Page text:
McFadden on pistol: 'We're gonna run it a lot more this year'
Darren McFadden averaged a career-worst 3.3 yards per carry last season, after averaging 5.2 and 5.4 yards per carry in 2010 and 2011 respectively. (USA TODAY IMAGES)
Darren McFadden hears you talking.
The Raiders feature running back knows you call him injury prone. He knows you think his best football is behind him.
That’s okay. Everyone’s entitled to an opinion. It won’t change the way he plays football.
He takes the negativity, bottles it up and turns it into fuel.
“I feel I’ve shown glimpses of what I can do,” McFadden said, “but I still think my best football is ahead of me.”
McFadden has reason to believe a career year is upon him. He’s in the best shape of his life. He’s working in a downhill, gap-control running scheme that suits his rushing style.
It’s tailor-made for McFadden, a fact not lost on the former first-round pick.
“The organization has shown tremendous faith in me, and I’m very grateful for that,” McFadden said. “I feel like it shows real faith in me and in this offense as a whole. They clearly have confidence in my ability and what I can do in a downhill running scheme.
I’m so excited to be able to run in this type of offense again. I feel like I owe the Raiders a fantastic season.”
McFadden can only do that by staying healthy. He’s been hurt in each professional season, making durability the biggest knock on this undeniable talent.
McFadden doesn’t like being called injury prone. Hates it in fact. But he doesn’t let it psyche him out.
“I just let it roll off my back,” McFadden said. “But, at the same time, you can’t help but think about it. I don’t want to be known or thought of as injury prone, but I have gotten hurt. It’s not going to change how I play the game. If I get hurt, then I get hurt. Those things happen. I’m going to play hard.”
McFadden is also going to play fast. He has the speed of a less weathered back, the strength of a short-yardage back and the agility of a big-play maker.
Fans haven’t seen that because McFadden has been extremely limited during a preseason where health is the only concern. Coaches have.
“I see the speed, I see that from Darren McFadden,” Raiders offensive coordinator Greg Olson said. “We haven’t gotten into any real live performance where he’s going to go in an carry it 20 times a game but I don’t see wear and tear on this running back, I don’t see a decline in speed.
“We’ll get a chance to see when the regular season gets going but we still believe that we have a real fine running back.”
McFadden didn’t live up to that billing last season. He averaged a career-worst 3.3 yards per carry and scored just three touchdowns. Then-coordinator Greg Kanpp’s zone-blocking became the scapegoat for such a performance, especially after McFadden averaged 5.3 yards per carry in the two previous seasons.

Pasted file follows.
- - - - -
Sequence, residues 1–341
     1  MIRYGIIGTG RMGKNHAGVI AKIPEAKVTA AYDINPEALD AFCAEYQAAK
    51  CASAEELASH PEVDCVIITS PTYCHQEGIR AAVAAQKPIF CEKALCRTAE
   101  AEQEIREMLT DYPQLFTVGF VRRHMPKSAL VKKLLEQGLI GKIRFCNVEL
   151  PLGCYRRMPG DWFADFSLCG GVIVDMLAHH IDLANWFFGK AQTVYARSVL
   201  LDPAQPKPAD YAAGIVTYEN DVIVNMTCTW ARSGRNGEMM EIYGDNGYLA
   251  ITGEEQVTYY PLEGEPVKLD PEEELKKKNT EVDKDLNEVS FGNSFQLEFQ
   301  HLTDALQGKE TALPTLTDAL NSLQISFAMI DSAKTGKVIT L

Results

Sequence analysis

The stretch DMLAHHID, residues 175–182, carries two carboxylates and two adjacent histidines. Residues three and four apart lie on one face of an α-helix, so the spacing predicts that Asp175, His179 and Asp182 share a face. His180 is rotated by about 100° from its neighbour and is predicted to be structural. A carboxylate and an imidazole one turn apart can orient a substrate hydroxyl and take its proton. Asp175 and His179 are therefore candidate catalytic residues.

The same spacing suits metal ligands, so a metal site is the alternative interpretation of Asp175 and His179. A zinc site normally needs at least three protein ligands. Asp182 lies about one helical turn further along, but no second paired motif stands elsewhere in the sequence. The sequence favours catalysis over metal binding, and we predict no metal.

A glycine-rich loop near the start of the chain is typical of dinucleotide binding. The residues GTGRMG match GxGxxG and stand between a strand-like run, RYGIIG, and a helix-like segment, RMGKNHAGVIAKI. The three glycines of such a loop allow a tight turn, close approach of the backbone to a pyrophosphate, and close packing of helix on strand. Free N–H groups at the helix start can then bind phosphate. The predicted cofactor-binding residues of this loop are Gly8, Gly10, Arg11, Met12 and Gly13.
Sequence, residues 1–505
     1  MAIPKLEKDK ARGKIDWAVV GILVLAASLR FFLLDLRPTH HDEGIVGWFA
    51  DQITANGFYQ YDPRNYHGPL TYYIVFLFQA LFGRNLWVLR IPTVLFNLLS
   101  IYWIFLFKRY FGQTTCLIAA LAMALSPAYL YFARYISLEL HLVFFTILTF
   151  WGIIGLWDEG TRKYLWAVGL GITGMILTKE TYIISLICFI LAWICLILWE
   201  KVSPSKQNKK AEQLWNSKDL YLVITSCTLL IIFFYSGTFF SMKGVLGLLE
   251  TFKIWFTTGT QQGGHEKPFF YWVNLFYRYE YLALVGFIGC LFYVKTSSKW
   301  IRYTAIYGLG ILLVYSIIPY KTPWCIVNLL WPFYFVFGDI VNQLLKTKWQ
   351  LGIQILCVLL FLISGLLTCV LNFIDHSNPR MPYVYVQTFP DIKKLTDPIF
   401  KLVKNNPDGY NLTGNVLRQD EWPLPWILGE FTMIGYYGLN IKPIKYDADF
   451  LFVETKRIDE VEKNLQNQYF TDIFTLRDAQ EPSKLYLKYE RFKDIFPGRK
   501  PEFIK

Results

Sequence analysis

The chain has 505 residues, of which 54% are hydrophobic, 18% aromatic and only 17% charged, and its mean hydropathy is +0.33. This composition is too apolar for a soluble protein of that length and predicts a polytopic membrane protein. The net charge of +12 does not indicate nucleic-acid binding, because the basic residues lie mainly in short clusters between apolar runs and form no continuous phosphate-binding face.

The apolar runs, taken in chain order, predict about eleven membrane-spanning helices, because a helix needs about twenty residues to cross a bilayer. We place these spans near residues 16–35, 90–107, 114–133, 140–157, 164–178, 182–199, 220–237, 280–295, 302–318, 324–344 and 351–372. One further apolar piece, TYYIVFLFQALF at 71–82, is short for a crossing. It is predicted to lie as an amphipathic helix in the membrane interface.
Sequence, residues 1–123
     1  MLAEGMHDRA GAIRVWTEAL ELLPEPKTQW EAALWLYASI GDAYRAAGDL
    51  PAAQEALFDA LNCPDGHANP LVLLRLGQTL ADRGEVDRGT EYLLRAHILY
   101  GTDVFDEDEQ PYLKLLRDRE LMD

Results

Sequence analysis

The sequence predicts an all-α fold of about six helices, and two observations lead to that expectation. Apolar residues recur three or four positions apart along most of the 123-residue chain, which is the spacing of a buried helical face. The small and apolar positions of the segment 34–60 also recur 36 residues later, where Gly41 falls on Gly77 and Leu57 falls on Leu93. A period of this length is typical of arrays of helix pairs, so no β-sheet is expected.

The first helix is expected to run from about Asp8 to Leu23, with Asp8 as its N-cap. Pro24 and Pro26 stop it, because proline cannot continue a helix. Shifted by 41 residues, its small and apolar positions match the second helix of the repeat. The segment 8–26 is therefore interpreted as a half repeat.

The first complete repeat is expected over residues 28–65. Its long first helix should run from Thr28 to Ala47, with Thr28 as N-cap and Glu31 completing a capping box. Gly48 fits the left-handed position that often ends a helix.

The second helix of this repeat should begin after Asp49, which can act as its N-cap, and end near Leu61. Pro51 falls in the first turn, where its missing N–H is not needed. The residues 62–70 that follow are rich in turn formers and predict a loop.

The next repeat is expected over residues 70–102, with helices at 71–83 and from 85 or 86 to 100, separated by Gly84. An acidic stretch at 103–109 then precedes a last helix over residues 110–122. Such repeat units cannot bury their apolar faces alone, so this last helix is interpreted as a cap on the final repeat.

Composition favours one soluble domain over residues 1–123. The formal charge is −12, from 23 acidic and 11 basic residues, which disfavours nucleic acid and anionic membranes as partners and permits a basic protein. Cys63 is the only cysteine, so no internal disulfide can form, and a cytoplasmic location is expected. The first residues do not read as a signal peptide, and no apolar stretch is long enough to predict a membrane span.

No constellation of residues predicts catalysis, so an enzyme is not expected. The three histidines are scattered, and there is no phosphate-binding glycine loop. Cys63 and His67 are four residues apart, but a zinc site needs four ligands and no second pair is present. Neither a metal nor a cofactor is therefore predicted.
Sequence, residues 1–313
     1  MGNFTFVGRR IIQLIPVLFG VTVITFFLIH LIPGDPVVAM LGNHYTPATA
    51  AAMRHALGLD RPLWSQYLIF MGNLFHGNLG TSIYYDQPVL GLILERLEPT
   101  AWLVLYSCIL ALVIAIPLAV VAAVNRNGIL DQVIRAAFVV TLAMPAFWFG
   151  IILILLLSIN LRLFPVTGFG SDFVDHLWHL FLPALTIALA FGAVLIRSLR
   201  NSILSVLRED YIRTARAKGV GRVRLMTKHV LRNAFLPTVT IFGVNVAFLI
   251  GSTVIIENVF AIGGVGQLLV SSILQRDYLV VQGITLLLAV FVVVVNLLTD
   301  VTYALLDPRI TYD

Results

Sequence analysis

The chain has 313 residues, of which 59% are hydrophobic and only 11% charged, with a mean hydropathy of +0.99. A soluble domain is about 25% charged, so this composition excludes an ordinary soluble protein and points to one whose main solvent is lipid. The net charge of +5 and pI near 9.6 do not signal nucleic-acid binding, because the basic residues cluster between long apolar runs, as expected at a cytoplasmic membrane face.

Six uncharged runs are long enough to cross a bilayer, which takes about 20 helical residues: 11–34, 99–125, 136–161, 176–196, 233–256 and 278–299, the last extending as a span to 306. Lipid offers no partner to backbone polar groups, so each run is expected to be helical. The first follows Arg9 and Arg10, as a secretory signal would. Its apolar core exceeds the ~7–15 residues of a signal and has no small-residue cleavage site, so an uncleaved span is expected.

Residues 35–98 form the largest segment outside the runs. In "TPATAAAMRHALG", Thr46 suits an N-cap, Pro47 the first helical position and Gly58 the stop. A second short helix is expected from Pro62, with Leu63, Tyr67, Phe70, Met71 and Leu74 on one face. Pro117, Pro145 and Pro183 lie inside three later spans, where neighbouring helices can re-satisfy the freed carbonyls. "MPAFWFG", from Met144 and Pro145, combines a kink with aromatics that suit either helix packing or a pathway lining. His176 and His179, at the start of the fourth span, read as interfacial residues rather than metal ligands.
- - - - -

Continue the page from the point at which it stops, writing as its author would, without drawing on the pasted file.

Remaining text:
The scheme was a source of aggravation for McFadden and the offense. He admits the season wore on his psyche.
McFadden enters this season with renewed optimism about this team.
“I think we’re being underestimated,” McFadden said. “We’re better than most people think. I think we’ll win some games and prove some of our doubters wrong.”
McFadden is speaking for the Raiders and himself. He considers this the most important season of his career. A second straight bomb will kill his street cred and his earning power.
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He enters a contract year looking for one more big payday. He prefers his checks signed by a Davis. If he doesn’t perform, that won’t happen. If he doesn’t perform well, a long-term contract is out of the cards, maybe forever.
“It’s going to enhance your motivation. How could it not?” McFadden said. “It’s in the back of your head, but I’m still focused on football. I know that, if I take care of business on the field, everything else will fall in line.”
This training camp hasn’t lined up perfectly. His best blocker, left tackle Jared Veldheer, is lost until midseason. The interior line is in flux and Menelik Watson is playing out of position. Despite a radical change in scheme, the stars haven’t aligned.
Having quarterback Terrelle Pryor should take some pressure off McFadden and the run game, but the world still knows No. 20 is gettin’ the rock. While Pryor steals headlines, McFadden’s the real marquee player. Without him, the offense can’t survive.
McFadden is ready, willing and able to shoulder such responsibility.
“I feel as good as I ever have,” McFadden said. “I’m 26 years old, but I still feel young. I feel like it shows when I’m on the field. I can still go out and fly around and make big plays. I’m always going to give my team maximum effort. I go all out on every play.”